By Thomas Ahearn and WAKEUP CALL
A class action lawsuit filed against ESA Management LLC, which operates more than 680 Extended Stay America hotels in the United States, alleges the company obtained background check reports on job applicants without their authorization in violation of the Fair Credit Reporting Act (FCRA).
When plaintiff, Yahaira Camacho, applied for a job at a California Extended Stay America hotel in July 2013 ESA Management failed to provide her with a written disclosure stating that a background check report may be obtained for employment purposes and did not ask for her authorization to obtain the report. According to the background check class action lawsuit: “At each of its hotels, ESA Management obtains consumer reports for employment purposes without a valid disclosure and a valid, signed authorization as part of the application process.”
TopClassActions.com reports the job application allegedly included a disclosure stating: “I authorize the investigation of all statements contained in this application and release from all liability any persons or employers supplying such information, and I also release Extended Stay Hotels from any liability that might result from making this investigation.” The background check class action lawsuit argues that the statement failed to comply with the FCRA for the following reasons:
- The statement did not inform job applicants that a background check would be be obtained.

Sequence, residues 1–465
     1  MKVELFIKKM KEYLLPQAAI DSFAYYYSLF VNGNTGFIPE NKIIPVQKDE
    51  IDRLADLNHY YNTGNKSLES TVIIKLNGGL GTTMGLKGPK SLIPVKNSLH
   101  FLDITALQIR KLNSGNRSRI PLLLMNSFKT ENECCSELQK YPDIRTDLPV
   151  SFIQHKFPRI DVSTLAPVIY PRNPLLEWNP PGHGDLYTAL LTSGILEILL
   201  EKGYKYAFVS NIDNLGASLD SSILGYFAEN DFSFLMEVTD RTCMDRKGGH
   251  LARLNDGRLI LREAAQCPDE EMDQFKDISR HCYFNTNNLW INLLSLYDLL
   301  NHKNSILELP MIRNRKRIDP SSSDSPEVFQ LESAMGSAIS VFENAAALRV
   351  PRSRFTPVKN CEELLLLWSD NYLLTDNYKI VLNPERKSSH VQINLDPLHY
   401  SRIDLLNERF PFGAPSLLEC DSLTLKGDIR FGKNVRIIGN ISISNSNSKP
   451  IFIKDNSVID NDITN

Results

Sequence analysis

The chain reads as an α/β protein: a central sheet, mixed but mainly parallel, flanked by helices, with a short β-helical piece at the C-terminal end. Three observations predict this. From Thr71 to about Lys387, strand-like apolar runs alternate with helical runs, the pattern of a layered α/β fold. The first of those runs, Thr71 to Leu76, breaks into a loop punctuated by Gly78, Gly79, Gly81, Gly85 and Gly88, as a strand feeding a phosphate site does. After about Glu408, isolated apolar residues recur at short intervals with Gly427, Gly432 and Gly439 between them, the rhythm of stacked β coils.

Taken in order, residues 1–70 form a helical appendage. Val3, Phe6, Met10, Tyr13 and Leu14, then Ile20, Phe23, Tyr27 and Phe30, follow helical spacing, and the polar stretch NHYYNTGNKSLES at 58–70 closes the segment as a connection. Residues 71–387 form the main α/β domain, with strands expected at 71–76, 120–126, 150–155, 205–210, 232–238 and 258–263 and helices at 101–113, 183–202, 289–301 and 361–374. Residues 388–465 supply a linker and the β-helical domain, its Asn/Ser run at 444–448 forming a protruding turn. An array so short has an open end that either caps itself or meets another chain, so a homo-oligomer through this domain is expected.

- The statement did not seek written authorization from the job applicant to obtain the background check report.
- The statement was included on the same page as numerous other statements and not on a separate page that consisted only of the disclosure and authorization as required under the FCRA.
- The statement included language that released the defendant from liability.
TopClassActions.com reports the plaintiff seeks to represent all individuals who applied for work at Extended Stay America hotels in the United States where a background check report was obtained in the past five years. Pursuant to the terms of the FCRA, Class Members are entitled to recover statutory damages of “not less than $100 and not more than $1,000” The case information is Yahaira Camacho, et al. v. ESA Management LLC, et al., Case No. 3:14-cv-01089, in the U.S. District Court for the Southern District of California.